What our alumni think
What has the Edinburgh MBA allowed you to achieve?
I have had an opportunity to step out of my comfort zone through projects, presentations and professional development workshops. The continuous networking has allowed me to build a global network across sectors.
What has been your personal highlight?
My personal highlight was the team building simulation in Dunkeld. The entire MBA cohort travelled north to participate in different simulations, which pushed us to our limits. The process highlighted our strengths and the areas for improvement that we should focus on throughout the MBA.
What are your fellow MBAs like?
They are friendly and willing to share. This is a time to learn and grow and the honesty and openness of the people I have met from across sectors has provided me invaluable insights into different industries. After only a few months on the MBA I had already built meaningful friendships. The diversity of the cohort creates an inclusive culture – 45 unique individuals from 6 continents representing 25 countries. You cannot help but feel inspired!
The different teams at the Business School really want you to succeed and are passionate about what they do. The staff are accessible, former students are willing to help and you are assigned a personal tutor. Whether it is answering a query in an email or grabbing a cup of coffee together, they want to make time for you and support you on your journey. The professors provide invaluable feedback on a regular basis, which allows you to grow as a student and as a future leader.
What are your plans after graduation?
I plan to explore how emerging technology such as Blockchain will impact our institutions. Everything will be affected, from banking to policing. I would like to assist organisations to avoid the pitfalls but more importantly to leverage these technologies to create new opportunities.
Asanka De Silva
I started my career in business development but soon moved into marketing as my preferred choice of career path. Having always been interested in consumer brands, I stayed within the FMCG industry over the next 15 years. During that time, I held many marketing leadership roles at the local, regional and global levels giving me the opportunity to manage some of the most well known brands in the world.
Although I had an excellent understanding of marketing and how the businesses operate cross-functionally, I was keen to expand my horizons and get a deeper understanding of other functions so that I could progress to general management.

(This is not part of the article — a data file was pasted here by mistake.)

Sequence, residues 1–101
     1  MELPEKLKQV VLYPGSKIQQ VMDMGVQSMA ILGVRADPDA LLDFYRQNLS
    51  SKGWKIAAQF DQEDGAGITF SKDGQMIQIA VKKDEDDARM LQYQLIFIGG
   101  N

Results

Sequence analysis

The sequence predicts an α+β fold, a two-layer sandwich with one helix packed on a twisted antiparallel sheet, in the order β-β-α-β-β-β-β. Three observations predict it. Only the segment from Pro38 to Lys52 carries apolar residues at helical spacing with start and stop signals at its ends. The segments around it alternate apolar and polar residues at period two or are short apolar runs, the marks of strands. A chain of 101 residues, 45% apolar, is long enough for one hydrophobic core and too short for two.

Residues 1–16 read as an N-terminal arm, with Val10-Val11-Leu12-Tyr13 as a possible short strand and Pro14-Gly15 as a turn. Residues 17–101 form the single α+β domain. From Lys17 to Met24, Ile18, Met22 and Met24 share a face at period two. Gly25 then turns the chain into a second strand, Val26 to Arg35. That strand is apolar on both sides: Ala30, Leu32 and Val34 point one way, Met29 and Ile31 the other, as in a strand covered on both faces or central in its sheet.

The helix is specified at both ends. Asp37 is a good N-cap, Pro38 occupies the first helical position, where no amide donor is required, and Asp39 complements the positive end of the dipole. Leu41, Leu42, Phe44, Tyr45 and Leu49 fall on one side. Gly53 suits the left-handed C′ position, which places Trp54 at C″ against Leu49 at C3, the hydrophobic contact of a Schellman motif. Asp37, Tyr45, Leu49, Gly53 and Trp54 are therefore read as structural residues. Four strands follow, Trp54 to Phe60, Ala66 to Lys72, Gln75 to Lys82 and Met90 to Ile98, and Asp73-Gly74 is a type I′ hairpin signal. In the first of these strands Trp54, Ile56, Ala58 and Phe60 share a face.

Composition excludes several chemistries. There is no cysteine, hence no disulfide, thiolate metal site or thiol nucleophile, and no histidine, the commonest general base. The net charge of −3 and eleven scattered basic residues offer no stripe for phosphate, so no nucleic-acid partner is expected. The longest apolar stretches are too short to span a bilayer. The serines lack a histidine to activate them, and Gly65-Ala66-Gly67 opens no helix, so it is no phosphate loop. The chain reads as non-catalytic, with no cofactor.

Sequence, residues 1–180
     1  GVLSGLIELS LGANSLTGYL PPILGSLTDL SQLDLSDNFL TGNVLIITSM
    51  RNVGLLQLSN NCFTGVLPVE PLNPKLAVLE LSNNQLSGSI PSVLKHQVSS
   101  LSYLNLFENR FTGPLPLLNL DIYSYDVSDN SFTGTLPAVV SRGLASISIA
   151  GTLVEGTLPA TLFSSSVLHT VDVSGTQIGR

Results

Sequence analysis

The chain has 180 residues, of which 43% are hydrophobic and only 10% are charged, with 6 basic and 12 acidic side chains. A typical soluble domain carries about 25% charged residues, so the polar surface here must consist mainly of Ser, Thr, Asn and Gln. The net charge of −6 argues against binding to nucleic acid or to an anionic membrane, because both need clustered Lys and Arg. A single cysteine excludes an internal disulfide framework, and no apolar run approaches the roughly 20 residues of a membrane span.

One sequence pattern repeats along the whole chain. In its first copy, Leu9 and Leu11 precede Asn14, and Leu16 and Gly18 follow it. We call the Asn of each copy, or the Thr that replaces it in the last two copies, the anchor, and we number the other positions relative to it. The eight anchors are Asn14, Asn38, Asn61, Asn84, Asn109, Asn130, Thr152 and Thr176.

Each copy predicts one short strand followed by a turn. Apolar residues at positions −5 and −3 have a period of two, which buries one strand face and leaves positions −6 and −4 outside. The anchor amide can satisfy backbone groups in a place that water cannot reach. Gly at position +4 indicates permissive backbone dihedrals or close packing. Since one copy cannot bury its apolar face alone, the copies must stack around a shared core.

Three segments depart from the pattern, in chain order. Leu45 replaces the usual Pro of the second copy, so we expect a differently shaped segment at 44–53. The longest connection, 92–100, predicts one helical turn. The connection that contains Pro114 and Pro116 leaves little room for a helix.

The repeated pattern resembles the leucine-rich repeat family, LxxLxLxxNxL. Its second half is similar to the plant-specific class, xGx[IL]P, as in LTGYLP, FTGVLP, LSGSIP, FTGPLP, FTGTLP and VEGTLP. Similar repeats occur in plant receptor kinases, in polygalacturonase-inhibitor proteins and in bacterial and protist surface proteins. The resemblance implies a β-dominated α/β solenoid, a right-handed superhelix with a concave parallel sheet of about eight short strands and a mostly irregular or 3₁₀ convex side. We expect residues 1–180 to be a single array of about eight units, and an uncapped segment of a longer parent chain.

The MBA gave me that basis to develop and further my career. It is a multi-faceted course, which made it very interesting. However, the most valuable part of the MBA for me is the mindset it created and the soft skills I learned by juggling many things during the three years.
In 2014, I moved to my first general management role. Soon after at the end of 2015, I set up my first start-up focused on liver health. I am currently the Founder and CEO of Liver Health UK.
After graduating with my LLB, I spent most of the 1990s practising law primarily involved in commercial and civil litigation acting for organisations within Scotland. Much of my work involved negotiating legal settlements and conducting court work. Although I very much enjoyed practising law, I wanted to both run my own business and to work more internationally, so in 2000, I decided it was time to do my MBA.
Learning to work effectively in a high pressure environment with a culturally and professionally diverse group of highly competitive individuals was both exciting and hugely educational.
It has been exciting to watch the Business School grow, move home, and adapt to the changing demands of both students and employers alike.
The MBA also allowed me to understand that although I defined myself as a lawyer, my core skills were actually more to do with communication, problem solving, influencing and leadership.
For me, taking the 'Negotiations' module turned out to be the key to my future career. It made me see what I had been doing as a lawyer in a completely different light and directly shaped my future both professionally and academically. I now work internationally through my own consultancy, meeting and working with very interesting people doing something that I really enjoy.
Prior to my MBA, I'd been moving up through the ranks within what we now call FinTech companies. After graduating, I went back into FinTech but at a higher level, eventually managing a global division of a company called Dealogic.
In 2012, I switched gears, moving from London to live in Southern California. As there were few opportunities in FinTech at the time, I moved into managing an outsourcing firm, and then a year later I founded Enshored. Fast forward five years, and the firm is growing rapidly; we have over 200 staff and are about to open our second centre in the Philippines.
On the MBA, I really enjoyed the group work and the challenges it threw up. I really enjoyed working with people from different backgrounds and I use that experience every day managing a diverse team. It also has helped me in interviewing MBA candidates from other schools. If someone has done group work then that is the basis of my interviewing - and how people responded and reacted to group work has been for me a huge indicator if there will be a fit with my personal management style.
One of the best things about the MBA was meeting all my cohort. I married a fellow MBA student, I hired another to help me run Dealogic, and I have had help along my journey from countless others.
Running a business is not easy, there is a lot more stress than when you are an employee, and having this great support network has been huge. Sometimes it might just be talking things over with a classmate when I am in another city - the little things like that really matter.